Hong Kong woman jailed for abusing Indonesian maid
27 February, 2015
A Hong Kong woman convicted of abusing her Indonesian maid has been jailed for six years.
Law Wan-tung was found guilty earlier this month of causing grievous bodily harm, criminal intimidation and failure to pay wages.
The maid, Erwiana Sulistyaningsih, drew global attention last year when she returned to Indonesia in need of hospital treatment.
During the trial, she described being beaten and starved by her employer.
The case drew intense scrutiny in Hong Kong, where a significant number of families rely on domestic helpers.
The city's residents employ about 300,000 maids from other parts of Asia, mainly Indonesia and the Philippines.
'Showed no compassion'
In addition to the jail sentence, Law, 44, was also fined HK$15,000 ($1,934; £1,253). She had faced a maximum sentence of seven years.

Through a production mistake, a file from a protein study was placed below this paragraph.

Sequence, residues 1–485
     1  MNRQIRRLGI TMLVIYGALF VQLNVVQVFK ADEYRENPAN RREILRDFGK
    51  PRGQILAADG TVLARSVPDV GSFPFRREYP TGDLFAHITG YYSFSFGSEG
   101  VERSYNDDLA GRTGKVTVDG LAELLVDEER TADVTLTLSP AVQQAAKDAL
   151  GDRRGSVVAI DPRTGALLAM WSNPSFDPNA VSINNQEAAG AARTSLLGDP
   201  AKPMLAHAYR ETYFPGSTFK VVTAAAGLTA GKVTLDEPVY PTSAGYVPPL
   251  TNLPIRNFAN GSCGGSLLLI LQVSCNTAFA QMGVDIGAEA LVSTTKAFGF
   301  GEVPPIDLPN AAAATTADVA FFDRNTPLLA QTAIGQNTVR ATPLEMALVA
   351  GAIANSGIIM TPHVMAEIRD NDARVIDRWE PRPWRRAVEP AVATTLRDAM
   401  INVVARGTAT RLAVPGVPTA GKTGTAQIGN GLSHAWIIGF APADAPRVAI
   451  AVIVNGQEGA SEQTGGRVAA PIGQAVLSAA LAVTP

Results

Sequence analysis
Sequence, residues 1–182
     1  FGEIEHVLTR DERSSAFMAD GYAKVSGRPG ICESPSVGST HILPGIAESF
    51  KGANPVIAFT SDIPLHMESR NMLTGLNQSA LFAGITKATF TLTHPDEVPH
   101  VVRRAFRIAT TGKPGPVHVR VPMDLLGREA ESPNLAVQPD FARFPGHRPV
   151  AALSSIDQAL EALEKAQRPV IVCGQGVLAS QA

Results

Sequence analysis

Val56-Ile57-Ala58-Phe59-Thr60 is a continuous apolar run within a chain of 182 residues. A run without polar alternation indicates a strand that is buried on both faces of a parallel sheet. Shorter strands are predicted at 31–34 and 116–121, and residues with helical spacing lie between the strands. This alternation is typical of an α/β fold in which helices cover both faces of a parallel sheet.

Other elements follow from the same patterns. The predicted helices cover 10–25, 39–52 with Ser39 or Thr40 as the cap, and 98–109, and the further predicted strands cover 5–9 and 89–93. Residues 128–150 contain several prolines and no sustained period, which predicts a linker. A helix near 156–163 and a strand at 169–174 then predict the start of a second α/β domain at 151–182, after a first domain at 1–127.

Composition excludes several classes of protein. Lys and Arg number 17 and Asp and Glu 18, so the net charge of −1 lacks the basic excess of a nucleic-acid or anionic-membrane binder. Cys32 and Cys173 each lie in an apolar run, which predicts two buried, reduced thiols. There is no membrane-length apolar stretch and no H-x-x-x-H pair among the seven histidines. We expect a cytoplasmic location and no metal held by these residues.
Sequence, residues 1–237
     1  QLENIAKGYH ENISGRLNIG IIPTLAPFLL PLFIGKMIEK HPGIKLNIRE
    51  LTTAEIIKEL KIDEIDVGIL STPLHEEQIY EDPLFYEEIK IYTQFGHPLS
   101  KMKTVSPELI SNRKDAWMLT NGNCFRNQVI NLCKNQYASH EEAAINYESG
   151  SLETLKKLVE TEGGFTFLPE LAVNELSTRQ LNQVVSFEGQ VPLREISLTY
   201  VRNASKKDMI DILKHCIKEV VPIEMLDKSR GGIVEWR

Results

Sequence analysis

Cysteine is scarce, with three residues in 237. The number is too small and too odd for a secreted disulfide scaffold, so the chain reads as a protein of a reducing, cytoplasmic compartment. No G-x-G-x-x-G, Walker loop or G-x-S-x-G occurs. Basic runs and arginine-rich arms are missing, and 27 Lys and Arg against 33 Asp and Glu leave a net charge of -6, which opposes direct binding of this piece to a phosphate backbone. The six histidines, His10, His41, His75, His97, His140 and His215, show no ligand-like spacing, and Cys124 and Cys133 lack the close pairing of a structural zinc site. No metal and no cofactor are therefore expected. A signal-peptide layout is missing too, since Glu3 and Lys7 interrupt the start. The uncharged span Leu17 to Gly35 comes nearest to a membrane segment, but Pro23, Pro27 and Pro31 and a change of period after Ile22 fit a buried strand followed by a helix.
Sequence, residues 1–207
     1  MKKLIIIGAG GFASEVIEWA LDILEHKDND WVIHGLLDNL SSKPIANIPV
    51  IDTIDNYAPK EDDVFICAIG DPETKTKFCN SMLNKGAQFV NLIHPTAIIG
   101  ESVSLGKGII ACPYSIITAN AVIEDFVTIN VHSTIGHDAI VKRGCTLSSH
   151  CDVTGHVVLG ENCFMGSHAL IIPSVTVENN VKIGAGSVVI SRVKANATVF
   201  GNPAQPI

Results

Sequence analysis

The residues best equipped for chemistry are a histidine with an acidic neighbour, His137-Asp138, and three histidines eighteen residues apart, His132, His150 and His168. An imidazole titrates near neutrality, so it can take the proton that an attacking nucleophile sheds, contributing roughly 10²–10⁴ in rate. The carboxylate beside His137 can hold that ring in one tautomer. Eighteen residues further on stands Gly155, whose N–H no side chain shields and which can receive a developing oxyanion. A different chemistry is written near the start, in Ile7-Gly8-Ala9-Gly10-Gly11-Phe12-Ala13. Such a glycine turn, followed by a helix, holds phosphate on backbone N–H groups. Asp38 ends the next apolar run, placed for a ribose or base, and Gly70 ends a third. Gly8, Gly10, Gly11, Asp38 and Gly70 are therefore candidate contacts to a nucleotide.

During the six-week trial the court heard that Law beat Ms Erwiana with various household objects and deprived her of proper food, allowing her only a small portion of rice and bread.
Law, a mother of two, only allowed Ms Erwiana to sleep four hours a night. On one occasion Law punched the maid so hard that her incisor teeth fractured.
Handing down the sentence, Judge Amanda Woodcock said Law "showed no compassion" to Ms Erwiana and other domestic staff.
Law saw them as "people that are beneath her", Judge Woodcock said and called for an investigation by authorities in Hong Kong and Indonesia into workers' conditions.
Twenty-four-year-old Ms Erwiana arrived in Hong Kong in 2013. She went home to her village in Central Java in January last year after working for Law for about eight months.
She came home beaten and bruised, too weak to walk and without any money. Her face, hands and legs were covered with scabs and lacerations. Parts of her skin were blackened and peeling.
The BBC's Karishma Vaswani says images of her battered body made headlines in Indonesia, leading to public outrage.
Her case has prompted the Indonesian government to look at better ways of protecting its migrant workers, she adds.